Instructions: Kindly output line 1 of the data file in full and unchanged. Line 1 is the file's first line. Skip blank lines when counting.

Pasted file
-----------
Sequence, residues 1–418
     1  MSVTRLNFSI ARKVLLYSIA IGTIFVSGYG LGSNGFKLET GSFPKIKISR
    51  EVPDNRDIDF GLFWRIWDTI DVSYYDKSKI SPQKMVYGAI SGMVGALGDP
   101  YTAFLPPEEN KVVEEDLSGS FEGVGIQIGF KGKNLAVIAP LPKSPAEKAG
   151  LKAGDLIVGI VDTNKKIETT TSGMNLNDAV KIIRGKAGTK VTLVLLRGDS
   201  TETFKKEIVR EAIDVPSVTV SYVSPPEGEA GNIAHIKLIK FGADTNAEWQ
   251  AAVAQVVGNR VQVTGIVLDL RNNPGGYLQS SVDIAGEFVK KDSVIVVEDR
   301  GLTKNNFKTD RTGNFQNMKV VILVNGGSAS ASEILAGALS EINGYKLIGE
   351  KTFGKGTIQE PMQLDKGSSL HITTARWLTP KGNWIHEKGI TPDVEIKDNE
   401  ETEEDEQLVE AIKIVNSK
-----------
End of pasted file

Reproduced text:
Sequence, residues 1–418